Somehow I feel that Yiddish and my Jewish soul are teaching me about my deep connection to my son’s father-in-law, which perhaps is better understood through an explanation of the source of the word mechuten. Literally, the word means “from the bridegroom” or perhaps “from the wedding.” My heart tells me the word is sending a powerful message: I am more than simply related to my mechuten through my son and his marriage. When this mechuten passed away, I lost a beloved member of my family. We connected on so many levels. I turned to him for medical advice; he was a renowned surgeon, but it was really an experience to watch him carve my turkey. I actually borrowed his warm winter coat when I traveled to Moscow on a business trip; we shared so many Sabbath and celebratory meals; we savored our shared love of our grandchildren; he always knew when I needed a caring arm around my shoulders and a kind word, and he loved my son as though he were his own flesh and blood. We came from two different places but were two people who, like our children, entered into a lifelong relationship on the day our children were married that was treasured and defined through one beautiful, touching Yiddish/Hebrew word: he was my mechuten.
I remember my excitement the day I went with friends to see the Yiddish version of “Fiddler on the Roof” when it played on Broadway last year. Imagine what Sholem Aleichem, the famous Yiddish author and playwright, might have said while watching the musical based on his “Tevya the Dairyman” stories being successfully acted on an American stage, but in the original language of the author’s works. It really was amazing to watch. And how well did I understand the Yiddish? Suffice to say that I was deeply thankful for the English translations (and Russian as well) posted on either side of the stage!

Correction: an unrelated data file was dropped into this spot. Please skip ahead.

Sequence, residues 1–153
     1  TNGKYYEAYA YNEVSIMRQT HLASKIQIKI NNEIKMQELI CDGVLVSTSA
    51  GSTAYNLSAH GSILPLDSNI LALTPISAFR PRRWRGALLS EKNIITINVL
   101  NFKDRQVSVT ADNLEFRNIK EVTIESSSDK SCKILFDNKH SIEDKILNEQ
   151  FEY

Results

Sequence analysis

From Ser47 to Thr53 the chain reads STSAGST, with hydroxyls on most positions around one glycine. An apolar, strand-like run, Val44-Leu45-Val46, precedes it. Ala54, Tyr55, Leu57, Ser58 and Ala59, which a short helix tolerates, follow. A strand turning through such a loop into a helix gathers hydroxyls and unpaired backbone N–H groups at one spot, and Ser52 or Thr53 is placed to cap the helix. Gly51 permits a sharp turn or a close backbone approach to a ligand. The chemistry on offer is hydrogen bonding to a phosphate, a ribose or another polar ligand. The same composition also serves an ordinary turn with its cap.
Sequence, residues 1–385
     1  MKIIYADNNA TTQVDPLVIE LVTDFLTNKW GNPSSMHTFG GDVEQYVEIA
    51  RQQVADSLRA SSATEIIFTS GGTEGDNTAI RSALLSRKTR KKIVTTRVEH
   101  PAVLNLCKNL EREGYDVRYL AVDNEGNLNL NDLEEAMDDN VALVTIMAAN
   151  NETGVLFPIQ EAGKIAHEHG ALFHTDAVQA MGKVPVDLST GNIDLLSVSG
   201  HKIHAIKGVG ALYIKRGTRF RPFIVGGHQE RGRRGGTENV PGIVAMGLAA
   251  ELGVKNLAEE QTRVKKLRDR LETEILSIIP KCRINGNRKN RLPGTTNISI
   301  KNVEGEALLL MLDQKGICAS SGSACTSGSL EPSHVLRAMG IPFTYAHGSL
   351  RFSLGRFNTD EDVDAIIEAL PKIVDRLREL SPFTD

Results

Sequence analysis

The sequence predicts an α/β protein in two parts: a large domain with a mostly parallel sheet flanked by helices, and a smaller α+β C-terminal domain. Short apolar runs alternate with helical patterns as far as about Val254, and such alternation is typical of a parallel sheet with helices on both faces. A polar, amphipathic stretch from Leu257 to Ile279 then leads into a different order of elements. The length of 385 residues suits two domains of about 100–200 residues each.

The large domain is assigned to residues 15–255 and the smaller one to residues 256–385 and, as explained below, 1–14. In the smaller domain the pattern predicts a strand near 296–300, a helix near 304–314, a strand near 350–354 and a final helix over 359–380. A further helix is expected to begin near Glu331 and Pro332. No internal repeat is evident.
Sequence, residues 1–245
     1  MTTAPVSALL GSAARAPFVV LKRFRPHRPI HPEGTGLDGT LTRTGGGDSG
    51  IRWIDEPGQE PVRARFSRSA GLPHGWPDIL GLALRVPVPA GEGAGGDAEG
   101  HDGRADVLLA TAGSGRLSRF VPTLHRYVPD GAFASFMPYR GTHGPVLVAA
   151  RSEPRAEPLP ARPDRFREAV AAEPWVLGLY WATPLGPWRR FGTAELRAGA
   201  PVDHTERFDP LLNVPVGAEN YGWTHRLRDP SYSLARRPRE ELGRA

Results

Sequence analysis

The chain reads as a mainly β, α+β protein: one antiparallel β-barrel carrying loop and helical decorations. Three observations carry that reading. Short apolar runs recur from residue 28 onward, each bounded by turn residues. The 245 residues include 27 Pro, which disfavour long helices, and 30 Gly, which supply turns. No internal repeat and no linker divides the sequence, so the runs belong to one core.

And that brings me back to my determination to look for that Yiddish class, perhaps an online course through the YIVO Institute for Jewish Research. I know so many individual words and expressions, but how deeply satisfying it would be to speak full sentences, to be able actually to have a conversation.
Years ago, there was a little Jewish man from Russia who came to my door every year asking for charity. How did we communicate? He spoke a decent Yiddish and I mustered all my power to retrieve the Yiddish words I knew in order to speak to him, even a little. To be honest, I was fairly pathetic. I am far more on my game when I can throw out a Yiddish word here or there, or, for example, when I refer to one of my younger granddaughters as my ketzilah. When she first asked the meaning of the word, I told her it means a little kitten. But it really means much more. Ketzilah somehow expresses how much I love her and how she sits inside my heart, while calling her my kitten only tells her she’s a little sweet thing who will grow up to become a cat. My granddaughter, with God’s help, definitely will grow up to be an amazing young woman, but she will always be my ketzilah. Like so many Yiddish words and expressions, the richness of this word cannot be found in its English equivalent. The 19th century French historian Jules Michelet explained it perfectly: “The most intimate temper of a people, its deepest soul, is above all in its language.”
Tzivia Bieler and her late husband, Bruno, moved to Teaneck in January 1974. She retired two years ago as the executive office director of the American Jewish Joint Distribution Committee. Retirement brings her pleasure, and more time to spend with children and grandchildren in the United States and Israel.